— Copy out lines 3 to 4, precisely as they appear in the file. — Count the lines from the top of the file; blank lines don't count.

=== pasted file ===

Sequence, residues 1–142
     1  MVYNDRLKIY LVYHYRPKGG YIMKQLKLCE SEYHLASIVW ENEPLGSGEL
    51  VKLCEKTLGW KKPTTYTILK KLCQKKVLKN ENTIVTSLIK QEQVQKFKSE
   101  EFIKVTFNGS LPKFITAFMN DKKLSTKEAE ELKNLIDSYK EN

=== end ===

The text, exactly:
    51  VKLCEKTLGW KKPTTYTILK KLCQKKVLKN ENTIVTSLIK QEQVQKFKSE
   101  EFIKVTFNGS LPKFITAFMN DKKLSTKEAE ELKNLIDSYK EN